The following code:

using (var db = new Entities())

Will generate the following SQL:

-- statement #1
SELECT TOP ( 1 ) [c].[Id] AS [Id],
             [c].[Title]          AS [Title],
             [c].[Subtitle]       AS [Subtitle],
             [c].[AllowsComments] AS [AllowsComments],
             [c].[CreatedAt]      AS [CreatedAt]
FROM [dbo].[Blogs] AS [c]

-- statement #2
SELECT [Extent1].[Id] AS [Id],
   [Extent1].[Title]    AS [Title],
   [Extent1].[Text]     AS [Text],
   [Extent1].[PostedAt] AS [PostedAt],
   [Extent1].[BlogId]   AS [BlogId],
   [Extent1].[UserId]   AS [UserId]
FROM [dbo].[Posts] AS [Extent1]
WHERE [Extent1].[BlogId] = 1 /* @EntityKeyValue1 */

(from http://ayende.com/blog/4351/nhibernate-vs-entity-framework-4-0)

NB The Skip and Take have not been translated to SQL resulting in ALL posts from the blog being loaded from the database, instead of just the 5 we require.

This seems dangerously, horribly inefficient. Unbelievably so, what gives?


The reason it's happening is the call to First, which is causing the Blog object to be materialized. Any further traversal requires more queries.

Try db.Blogs.Take(1).SelectMany(b => b.Posts).Skip(10).Take(5).ToList(); instead to do it in one query. You probably want to add some sort of ordering of blogs before the .Take(1), to ensure a deterministic result.

Edit You actually have to use OrderBy before Skip (otherwise LINQ to Entities will throw an exception), which makes it something like:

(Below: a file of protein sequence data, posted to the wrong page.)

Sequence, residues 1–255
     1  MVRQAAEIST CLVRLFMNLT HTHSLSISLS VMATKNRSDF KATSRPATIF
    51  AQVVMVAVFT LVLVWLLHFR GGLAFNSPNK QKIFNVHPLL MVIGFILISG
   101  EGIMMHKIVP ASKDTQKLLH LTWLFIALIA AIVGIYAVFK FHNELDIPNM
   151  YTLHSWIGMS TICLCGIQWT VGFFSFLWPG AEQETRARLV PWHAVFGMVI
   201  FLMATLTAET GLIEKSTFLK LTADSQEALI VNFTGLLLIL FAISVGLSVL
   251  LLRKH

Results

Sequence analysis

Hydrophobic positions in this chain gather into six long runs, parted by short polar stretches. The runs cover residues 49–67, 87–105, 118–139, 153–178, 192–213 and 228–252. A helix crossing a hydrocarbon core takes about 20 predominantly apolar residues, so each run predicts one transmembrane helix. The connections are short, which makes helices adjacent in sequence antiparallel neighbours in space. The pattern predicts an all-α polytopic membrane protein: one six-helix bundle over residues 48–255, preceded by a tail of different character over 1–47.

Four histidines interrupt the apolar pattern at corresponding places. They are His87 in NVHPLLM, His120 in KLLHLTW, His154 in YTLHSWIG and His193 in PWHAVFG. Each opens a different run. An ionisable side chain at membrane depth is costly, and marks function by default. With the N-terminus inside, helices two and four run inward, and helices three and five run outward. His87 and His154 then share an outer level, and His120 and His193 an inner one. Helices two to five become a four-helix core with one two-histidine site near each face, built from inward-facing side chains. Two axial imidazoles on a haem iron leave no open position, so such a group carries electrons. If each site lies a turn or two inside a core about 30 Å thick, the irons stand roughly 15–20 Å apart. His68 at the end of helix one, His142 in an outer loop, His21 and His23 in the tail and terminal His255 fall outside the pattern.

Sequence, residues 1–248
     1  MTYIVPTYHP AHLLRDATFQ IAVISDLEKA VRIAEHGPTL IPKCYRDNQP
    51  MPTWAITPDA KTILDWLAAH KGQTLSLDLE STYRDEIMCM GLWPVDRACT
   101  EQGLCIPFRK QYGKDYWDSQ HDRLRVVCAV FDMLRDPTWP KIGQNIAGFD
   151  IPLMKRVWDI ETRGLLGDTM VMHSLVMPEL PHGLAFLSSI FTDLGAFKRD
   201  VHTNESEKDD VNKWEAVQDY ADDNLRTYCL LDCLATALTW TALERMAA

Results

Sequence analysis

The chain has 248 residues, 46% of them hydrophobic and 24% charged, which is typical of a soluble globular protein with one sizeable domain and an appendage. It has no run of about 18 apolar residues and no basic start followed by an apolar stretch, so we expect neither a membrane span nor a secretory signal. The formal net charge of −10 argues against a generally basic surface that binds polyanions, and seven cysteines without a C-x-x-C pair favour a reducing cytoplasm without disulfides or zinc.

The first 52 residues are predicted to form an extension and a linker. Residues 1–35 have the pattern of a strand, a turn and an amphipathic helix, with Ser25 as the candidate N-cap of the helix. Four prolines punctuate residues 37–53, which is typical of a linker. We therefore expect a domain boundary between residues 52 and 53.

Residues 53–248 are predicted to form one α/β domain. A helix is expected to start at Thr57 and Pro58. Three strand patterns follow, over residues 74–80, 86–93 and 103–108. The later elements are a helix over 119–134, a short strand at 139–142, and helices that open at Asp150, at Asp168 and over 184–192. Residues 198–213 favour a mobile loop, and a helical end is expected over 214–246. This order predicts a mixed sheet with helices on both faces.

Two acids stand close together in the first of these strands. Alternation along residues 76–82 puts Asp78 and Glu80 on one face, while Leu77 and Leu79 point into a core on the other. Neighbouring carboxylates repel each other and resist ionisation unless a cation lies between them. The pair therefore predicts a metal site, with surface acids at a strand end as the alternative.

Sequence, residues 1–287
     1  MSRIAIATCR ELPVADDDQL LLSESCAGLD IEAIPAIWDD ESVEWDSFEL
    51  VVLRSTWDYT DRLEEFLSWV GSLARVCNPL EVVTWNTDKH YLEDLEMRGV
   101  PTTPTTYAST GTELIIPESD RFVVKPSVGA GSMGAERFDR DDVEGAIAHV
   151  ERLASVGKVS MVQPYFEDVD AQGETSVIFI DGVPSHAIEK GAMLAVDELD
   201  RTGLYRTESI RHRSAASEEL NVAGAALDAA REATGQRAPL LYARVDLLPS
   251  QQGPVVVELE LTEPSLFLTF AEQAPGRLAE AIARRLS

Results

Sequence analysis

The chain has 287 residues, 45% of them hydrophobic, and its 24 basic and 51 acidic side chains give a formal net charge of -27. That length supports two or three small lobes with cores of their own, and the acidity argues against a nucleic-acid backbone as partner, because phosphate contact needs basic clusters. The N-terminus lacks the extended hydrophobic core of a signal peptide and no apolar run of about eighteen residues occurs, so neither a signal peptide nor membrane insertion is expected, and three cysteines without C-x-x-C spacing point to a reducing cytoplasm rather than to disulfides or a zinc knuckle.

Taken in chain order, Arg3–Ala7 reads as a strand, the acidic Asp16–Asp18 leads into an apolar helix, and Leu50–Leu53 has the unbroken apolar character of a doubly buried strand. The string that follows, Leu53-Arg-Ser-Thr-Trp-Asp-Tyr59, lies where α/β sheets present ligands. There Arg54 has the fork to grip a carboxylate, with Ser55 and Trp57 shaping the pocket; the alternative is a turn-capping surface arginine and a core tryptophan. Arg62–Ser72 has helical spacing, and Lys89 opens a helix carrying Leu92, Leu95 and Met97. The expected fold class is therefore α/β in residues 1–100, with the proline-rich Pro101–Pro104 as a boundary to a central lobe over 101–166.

db.Blogs.OrderBy(b => b.Id).Take(1) // Filter to a single blog (while remaining IQueryable)
    .SelectMany(b => b.Posts) // Select the blog's posts
    .OrderBy(p => p.PublishedDate).Skip(10).Take(5).ToList(); // Filter to the correct page of posts

As he suggests in his post, you could use EQL to perform this query instead. Something like:

// Create a query that takes two parameters.
string queryString =
    @"SELECT VALUE product FROM 
      AdventureWorksEntities.Products AS product 
      order by product.ListPrice SKIP @skip LIMIT @limit";

ObjectQuery<Product> productQuery =
    new ObjectQuery<Product>(queryString, context);

// Add parameters to the collection.
productQuery.Parameters.Add(new ObjectParameter("skip", 3));
productQuery.Parameters.Add(new ObjectParameter("limit", 5));

// Iterate through the collection of Contact items.
foreach (Product result in productQuery)
    Console.WriteLine("ID: {0}; Name: {1}",
    result.ProductID, result.Name);

Code taken from here: http://msdn.microsoft.com/en-us/library/bb738702.aspx

  • Thanks for your answer, which is helpful, but I was looking for an EQL-free solution. I should have stated that in the question. Thanks though. – Tom Dec 8 '11 at 2:15

You can try to get your first blog and use the blog id to filter posts like this:

Blog blog = db.Blogs.First();
blog.posts = Posts.Where(r=>r.blogID=blog.id).Skip(10).Take(5).ToList();

Your Answer

By clicking “Post Your Answer”, you agree to our terms of service, privacy policy and cookie policy

Not the answer you're looking for? Browse other questions tagged or ask your own question.